On This Day…

19th April 1941 Eric Lomax set-up assisted wireless comms

On this day in 1941 Eric Lomax was a Royal Signals lieutenant in Malaya in charge of the Signal Section of the 5th Field Regiment, Royal Artillery. Wireless communications were very difficult so they resorted to what they called line-assisted wireless. They set up their antennas a few feet below telephone lines and the outgoing signals travelled down the wires to be picked up by another radio positioned down the line.

Lomax was captured by the Japanese at the fall of Singapore and sent to Kanchanaburi POW camp on the Burma railway. He was part of a small group who made a radio receiver and fed information to fellow prisoners. He was caught, tortured and then sentenced to the punitive military prison of Outram Road. He later wrote: ‘This was a place where the living were turned into ghosts, starved, diseased creatures wasted down to their skeletal outlines.’

Lomax only survived by injuring himself badly enough on two occasions to be admitted to hospital with its limited recuperative facilities. Lomax’s experiences of torture and starvation badly damaged him emotionally and it took him many years and a lot of support from his wife Patti and Helen Bamber of the Medical Foundation for the Care of Victims of Torture before he came to terms with what had happened to him.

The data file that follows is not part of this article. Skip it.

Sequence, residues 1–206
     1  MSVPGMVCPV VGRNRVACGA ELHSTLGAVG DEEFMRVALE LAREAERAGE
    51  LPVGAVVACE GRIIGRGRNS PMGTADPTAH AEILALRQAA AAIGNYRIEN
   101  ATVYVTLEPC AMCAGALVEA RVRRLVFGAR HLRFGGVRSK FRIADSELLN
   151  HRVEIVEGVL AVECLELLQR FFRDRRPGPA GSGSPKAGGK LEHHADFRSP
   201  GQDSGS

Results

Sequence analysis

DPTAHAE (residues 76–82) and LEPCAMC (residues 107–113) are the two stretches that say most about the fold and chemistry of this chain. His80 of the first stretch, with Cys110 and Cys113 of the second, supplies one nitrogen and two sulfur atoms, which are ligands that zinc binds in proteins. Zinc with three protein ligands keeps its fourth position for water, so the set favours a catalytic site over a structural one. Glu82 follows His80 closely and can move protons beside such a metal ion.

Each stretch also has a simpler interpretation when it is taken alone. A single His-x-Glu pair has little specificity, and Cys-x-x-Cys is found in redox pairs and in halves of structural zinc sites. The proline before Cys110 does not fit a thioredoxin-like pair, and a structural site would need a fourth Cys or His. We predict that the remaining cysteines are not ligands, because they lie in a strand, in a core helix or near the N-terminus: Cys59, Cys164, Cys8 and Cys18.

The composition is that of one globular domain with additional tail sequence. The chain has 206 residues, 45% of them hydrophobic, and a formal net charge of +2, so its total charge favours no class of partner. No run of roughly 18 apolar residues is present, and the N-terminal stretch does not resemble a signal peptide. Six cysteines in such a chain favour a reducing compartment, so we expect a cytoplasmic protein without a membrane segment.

Lomax was Mentioned in Despatches for his role in the radio group. In 2013 his autobiography, The Railway Man, was made into an award-winning film starring Colin Firth and Nicole Kidman.

Images from film ‘The Railway Man’ based on Lomax’s time as a prisoner of war.